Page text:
BusinessLawReview1 - 1 Contributory Negligence-if the...

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Unformatted text preview: 1. Contributory Negligence-if the plaintiff is even slightly negligent himself, he recovers nothing 2. Comparative Negligence-a plaintiff may generally recover even if she is partially negligent. 10% responsible, recover 90% of money 3. Strict Liability-a tort doctrine holding to a very high standard all those who engage in ultra hazardous activity(e.g., using explosives) or who manufacture certain products 4. Harmless Error-a trial judgment cannot do a perfect job, and not every error is fatal. The court may decide the verdict was fair in spite of the mistake 5. Reversible Error-If the court believes the error rendered the trial and verdict unfair, it will remand the case, that is, send it back to the lower court for a new trial 6. The Tort of Commercial Exploitation- 7. Methods of Alternative Dispute Resolution-Settlements, 8. Res Ipsa Loquitur- “the thing speaks for itself”; the facts imply that the defendant’s negligence caused the accident 9. Lible & Slander- Lible is written defamation; Slander is oral defamation. Elements that must be proven in a defamation case. a. Defamatory Statement b. Falseness c. Communicated d. Injury 10. Elements of Intentional Infliction of Emotional Distress- results from extreme and outrageous conduct that causes serious emotional harm 11. Crime vs. Tort-a crime is breaking rules that permit a government to punish certain behavior by fine or imprisonment. A tort is a civil wrong, committed in violation of a duty that the law imposes 12. Differences b/n Criminal and Civil Lawsuit- a. Criminal law concerns behavior so threatening that society outlaws it altogether. Most criminal laws are statutes, passed by Congress or a state legislature. b. Civil law regulates the rights and duties b/n parties. 13. An Unconstitutional Statute- 14. What is a lawyer’s brief?- 15. Who can be a trier of facts?- A judge or jury of peers 16. Tortious Interference with a contract- only exists if plaintiff can establish 4 elements a. There was a contract b/n the plaintiff and a third party b. The defendant knew of the contract c. The defendant improperly induce the third party to breach the contract or made performance of the contract impossible d. There was an injury to the plaintiff 17. Defamation in the court room- allowed to happen in order to find truth 18. How do treaties become source of law?- The constitution authorizes the president to make treaties with foreign nations. make treaties with foreign nations....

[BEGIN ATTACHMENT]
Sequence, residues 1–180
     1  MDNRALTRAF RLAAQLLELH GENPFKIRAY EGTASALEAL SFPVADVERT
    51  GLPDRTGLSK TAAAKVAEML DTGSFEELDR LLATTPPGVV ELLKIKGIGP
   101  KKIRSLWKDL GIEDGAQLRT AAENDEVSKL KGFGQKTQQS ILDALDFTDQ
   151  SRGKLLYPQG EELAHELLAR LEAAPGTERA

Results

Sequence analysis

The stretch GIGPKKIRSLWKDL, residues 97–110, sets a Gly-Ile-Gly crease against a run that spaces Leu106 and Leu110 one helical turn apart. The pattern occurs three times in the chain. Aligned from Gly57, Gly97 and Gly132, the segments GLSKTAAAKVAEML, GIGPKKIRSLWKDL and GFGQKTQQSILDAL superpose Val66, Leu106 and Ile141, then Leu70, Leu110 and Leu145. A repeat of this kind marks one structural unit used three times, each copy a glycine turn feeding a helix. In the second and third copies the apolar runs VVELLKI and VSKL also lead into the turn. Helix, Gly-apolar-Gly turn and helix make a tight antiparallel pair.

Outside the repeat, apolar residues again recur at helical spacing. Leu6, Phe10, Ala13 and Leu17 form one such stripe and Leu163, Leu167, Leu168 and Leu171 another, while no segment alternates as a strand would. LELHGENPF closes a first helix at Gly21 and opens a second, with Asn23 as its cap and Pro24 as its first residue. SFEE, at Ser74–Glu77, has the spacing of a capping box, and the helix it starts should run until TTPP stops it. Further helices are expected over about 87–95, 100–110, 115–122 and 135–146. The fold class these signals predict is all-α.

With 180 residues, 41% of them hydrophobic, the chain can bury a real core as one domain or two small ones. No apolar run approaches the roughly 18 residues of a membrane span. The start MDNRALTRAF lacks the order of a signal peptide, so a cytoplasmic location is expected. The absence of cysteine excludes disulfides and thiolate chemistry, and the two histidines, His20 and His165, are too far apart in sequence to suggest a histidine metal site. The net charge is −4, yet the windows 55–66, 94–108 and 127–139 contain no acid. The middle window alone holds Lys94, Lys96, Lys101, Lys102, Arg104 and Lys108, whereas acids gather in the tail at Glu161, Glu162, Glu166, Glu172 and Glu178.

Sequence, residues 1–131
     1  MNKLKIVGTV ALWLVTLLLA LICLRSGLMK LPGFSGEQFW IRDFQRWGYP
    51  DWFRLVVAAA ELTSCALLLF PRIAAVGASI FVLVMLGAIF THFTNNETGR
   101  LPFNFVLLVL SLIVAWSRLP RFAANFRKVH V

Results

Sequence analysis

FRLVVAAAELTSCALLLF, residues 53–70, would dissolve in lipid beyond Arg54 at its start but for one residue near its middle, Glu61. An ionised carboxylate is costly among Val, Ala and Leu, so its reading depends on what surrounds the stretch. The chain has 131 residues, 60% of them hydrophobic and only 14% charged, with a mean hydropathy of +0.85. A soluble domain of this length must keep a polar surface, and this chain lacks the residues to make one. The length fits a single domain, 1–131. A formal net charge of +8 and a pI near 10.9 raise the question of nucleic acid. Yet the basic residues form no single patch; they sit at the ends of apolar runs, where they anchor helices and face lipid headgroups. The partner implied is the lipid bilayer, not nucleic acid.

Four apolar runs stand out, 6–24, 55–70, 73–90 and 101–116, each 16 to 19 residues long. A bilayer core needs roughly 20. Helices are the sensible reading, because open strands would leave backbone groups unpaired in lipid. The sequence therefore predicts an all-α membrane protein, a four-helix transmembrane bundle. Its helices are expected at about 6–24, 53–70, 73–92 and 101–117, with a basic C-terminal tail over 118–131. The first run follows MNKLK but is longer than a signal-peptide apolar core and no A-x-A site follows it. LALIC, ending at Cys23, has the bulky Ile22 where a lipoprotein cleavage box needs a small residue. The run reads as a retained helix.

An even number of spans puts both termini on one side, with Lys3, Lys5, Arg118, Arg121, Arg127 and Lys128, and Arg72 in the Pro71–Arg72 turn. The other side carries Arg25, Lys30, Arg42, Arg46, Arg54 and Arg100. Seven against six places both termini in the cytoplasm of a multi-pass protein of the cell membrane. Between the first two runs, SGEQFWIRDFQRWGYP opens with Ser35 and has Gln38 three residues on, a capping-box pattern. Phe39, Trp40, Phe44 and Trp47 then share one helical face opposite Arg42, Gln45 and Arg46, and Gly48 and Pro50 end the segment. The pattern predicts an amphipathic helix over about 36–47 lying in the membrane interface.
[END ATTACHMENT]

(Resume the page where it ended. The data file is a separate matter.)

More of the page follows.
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BusinessLawReview1 - 1 Contributory Negligence-if the...

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